Value-Added Data Adds Value

We should offer every American family the good school promise–access to at least one effective school where most students are on grade level and make at least a year of progress.  We should offer every American student best efforts at giving them a teacher that gives them a shot at making at least a one year gain.
In an EdWeek OpEd, The Brookings Brown Center Task Group on Teacher Quality makes the case:

The reality is far different from what the evaluation systems suggest. We know from a large body of empirical research that teachers differ dramatically from one another in effectiveness. That today’s evaluation systems fail to recognize these differences means that the many important human-resource decisions are not as efficient or fair as they could be if they incorporated data that meaningfully differentiated among teachers.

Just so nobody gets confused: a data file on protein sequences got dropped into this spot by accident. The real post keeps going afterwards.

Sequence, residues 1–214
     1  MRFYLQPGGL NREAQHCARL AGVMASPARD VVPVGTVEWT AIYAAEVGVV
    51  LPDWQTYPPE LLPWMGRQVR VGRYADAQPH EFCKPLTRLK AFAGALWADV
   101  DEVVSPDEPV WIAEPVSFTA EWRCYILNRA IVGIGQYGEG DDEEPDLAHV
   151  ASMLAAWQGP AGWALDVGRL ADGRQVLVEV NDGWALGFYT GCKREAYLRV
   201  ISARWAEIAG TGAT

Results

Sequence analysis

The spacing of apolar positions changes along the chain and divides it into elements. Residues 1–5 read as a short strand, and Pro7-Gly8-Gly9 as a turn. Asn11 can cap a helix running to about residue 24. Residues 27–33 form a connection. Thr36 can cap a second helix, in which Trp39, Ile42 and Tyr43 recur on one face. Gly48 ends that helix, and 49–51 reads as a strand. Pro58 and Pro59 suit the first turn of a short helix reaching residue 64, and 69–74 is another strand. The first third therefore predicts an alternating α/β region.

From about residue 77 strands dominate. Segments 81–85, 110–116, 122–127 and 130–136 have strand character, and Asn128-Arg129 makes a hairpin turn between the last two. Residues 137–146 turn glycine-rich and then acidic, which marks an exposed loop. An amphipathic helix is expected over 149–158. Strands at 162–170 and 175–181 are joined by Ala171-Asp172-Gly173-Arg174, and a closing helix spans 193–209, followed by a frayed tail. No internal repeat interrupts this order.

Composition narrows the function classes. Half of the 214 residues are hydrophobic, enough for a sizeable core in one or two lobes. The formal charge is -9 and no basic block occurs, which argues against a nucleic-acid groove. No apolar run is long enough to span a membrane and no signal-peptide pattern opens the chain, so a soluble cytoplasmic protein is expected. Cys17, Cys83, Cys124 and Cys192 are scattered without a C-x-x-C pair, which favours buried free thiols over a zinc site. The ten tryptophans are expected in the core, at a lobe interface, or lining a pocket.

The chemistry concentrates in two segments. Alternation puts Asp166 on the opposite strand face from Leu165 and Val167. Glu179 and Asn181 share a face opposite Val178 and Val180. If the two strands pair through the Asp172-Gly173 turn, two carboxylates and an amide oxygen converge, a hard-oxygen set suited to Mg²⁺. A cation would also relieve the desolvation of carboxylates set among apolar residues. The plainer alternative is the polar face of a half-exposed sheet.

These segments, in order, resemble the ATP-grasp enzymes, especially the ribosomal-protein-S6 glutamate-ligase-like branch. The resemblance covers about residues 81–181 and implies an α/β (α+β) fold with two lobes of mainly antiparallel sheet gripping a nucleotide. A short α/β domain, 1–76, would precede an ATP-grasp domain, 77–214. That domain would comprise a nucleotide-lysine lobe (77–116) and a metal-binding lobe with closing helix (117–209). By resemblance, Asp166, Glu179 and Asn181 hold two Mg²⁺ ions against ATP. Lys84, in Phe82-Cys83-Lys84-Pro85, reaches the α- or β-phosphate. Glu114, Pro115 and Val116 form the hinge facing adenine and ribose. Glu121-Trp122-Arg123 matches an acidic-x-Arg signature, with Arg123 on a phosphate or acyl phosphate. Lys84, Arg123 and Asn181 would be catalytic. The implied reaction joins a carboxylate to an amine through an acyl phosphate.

And the thoughtful conclusion:

Teaching is a complex task, and value-added captures only a portion of the impact of differences in teacher effectiveness. Thus, high-stakes decisions based on value-added measures of teacher performance will be imperfect. We do not advocate using value-added measures alone when making decisions about hiring, firing, tenure, compensation, placement, or teacher development, but surely value-added information ought to be in the mix given the empirical evidence that it predicts more about what students will learn from the teachers to whom they are assigned than any other source of information.

This is an important rearview mirror contribution.  The most important development of the decade to come–content embedded assessment–will solve this problem by making every classroom a source of continuous feedback.  The flood of achievement data to come will put to bed the silly argument of whether we should use data in teacher evaluations.  Now on the design task incorporating all the new data into smart instructional feedback loops that steer personal digital learning.

Tom Vander Ark

Tom Vander Ark is the CEO of Getting Smart. He has written or co-authored more than 50 books and papers including Getting Smart, Smart Cities, Smart Parents, Better Together, The Power of Place and Difference Making. He served as a public school superintendent and the first Executive Director of Education for the Bill & Melinda Gates Foundation.

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